EDM is popular for obtaining extremely complex shapes that are difficult to machine with milling. It also excels in different applications of hard materials like titanium. EDM is a subtractive manufacturing technique that uses electrical discharge for machining. There are two types of EDM, sinker EDM and wire EDM. This article looks at the differences between the two machining processes and points out the applications, features, and advantages of each.
What is Sinker EDM?
Sinker electrical discharge machining, sometimes known as ram EDM, volume EDM, or cavity EDM.
Sinker EDM requires electrodes, insulating fluid and a power source. The power supply connects the electrode and the workpiece. The spark from the connection creates a channel. Unlike wire EDM, sinker EDM services do not completely cut the material. This enables our operators to produce complex shapes. At the same time, it does not create stress in the material. This makes it an excellent means of producing injection molds and stamping dies.
Sinker EDM machines use electrodes and workpieces immersed in liquids such as oil or dielectric water. A power source is connected to the electrodes and creates an electrical potential between the two parts, creating a breakdown to create the plasma channel and spark jumps. The sparks from the power supply tend to come one after the other.
As the sparks continued to form, the base metal began to corrode and the electrodes were lowered, causing the “bump” or “sink” effect of this EDM machine. When the process is complete and each part is removed, the base metal has been eroded into a very specific shape or design – similar to engraving. EDM machines process hard metals faster, providing companies with the best efficiencies in industrial production today.
What is Wire EDM?
Wire Electric Discharge Machining (EDM) Wire EDM uses a single thin wire to cut thick metal to achieve precise cuts and divisions that are not possible with standard CNC machines. Similar to Ram EDM, Wire EDM uses electrodes and sparks to cut metal. Using spark erosion technology, Wire EDM machining immerses the part being cut in deionized water, and the wire acts as an electrode, creating a spark to rough or scrape the part into the desired shape without the wire coming into contact with the part. Automatic wire feed ensures that the wire never wears out and the cut is consistent for repeatable accuracy.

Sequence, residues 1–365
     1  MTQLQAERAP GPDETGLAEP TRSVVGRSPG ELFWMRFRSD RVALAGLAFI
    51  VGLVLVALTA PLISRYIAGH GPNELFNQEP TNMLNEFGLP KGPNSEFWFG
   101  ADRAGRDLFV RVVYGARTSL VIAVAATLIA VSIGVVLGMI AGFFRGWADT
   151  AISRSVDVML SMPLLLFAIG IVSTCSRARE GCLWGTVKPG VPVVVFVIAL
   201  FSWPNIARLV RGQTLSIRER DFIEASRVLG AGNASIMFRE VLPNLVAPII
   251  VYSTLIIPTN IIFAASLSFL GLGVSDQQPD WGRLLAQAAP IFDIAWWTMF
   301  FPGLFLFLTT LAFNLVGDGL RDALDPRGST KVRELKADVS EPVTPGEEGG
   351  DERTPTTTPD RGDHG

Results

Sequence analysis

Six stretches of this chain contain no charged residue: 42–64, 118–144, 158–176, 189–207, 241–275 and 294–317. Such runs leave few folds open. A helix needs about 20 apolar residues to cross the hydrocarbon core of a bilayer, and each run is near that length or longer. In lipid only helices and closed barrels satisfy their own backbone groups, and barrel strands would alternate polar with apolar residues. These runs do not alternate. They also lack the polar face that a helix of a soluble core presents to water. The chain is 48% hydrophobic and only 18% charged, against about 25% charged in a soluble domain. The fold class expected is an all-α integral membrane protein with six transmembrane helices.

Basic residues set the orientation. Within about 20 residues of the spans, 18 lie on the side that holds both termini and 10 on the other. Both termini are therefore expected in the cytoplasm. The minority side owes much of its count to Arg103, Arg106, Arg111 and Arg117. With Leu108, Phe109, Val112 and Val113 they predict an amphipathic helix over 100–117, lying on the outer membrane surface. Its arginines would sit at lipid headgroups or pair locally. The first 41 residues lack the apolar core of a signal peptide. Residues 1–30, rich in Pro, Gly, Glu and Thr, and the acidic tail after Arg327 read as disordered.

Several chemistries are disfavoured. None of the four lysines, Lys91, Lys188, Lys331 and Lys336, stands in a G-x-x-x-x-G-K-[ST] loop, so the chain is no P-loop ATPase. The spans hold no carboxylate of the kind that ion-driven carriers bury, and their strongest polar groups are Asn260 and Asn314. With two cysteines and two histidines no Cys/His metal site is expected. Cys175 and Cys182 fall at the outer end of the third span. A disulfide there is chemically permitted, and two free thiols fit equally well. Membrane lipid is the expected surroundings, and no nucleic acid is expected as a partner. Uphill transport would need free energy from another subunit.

During in-line EDM machining, a thin metal wire is sandwiched between two diamond guides, one above and one below the workpiece, and moved along the X and Y axes according to CNC commands. (The upper rail may also move along other axes for more complex cuts.) As with other EDM processes, electrical discharge can cause sparks between the wire and the workpiece, which can lead to corrosion of the workpiece.
In the wire EDM process, very fine gauge wire (down to 20 microns in diameter) can be used, which enables very fine cuts on the workpiece. However, as with sinker EDM, it is common practice to start with roughing and then finish.
What is the difference between Sinker EDM and Wire EDM?
Electric current is used to cut or burn away the conductive material in Wire EDM and Sinker EDM. In both processes, the electrode does not come into contact with the material being processed. Unlike Wire EDM, Sinker EDM services do not fully cut the material (unless required), resulting in a wider range of applications such as blind cavities/keyways, thin walls or cross sections. This versatility makes subsidence EDM an effective technology for stamping and injection mold assemblies.
Applications Of Sinker EDM and Wire EDM
Sinker EDM is used to make complex cavities and is therefore particularly suitable for making dies, dies and other forms of tooling – especially hard materials such as tool steel. It also produces sharp interior corners and deep ribs better than other machining processes.
Common sinker EDM applications include:
- Quick Die
- mold making
- Injection mold
- fine details
- sharp interior corners
- deep and thin ribs
- blind cavity
- blind keyway
- Internal spline
Wire EDM is often used to cut very thick hard metal sheets rather than traditional machining processes. It is a popular process for producing punches, tools and dies. Wire EDM does not cause part distortion and produces a good surface finish.
Common WEDM applications include:
- thick plate
- Extrusion Die
- Blanking punch
- Automotive and Aerospace Parts
- Tight tolerance parts
- Medical and Dental Equipment
- Where burrs are unacceptable
- Thin parts that can break during conventional machining
SANS Machining is a prototyping and low-volume manufacturing specialist with expertise in all forms of machining. You can always contact our engineers for technical support to get a clear understanding of each step and function.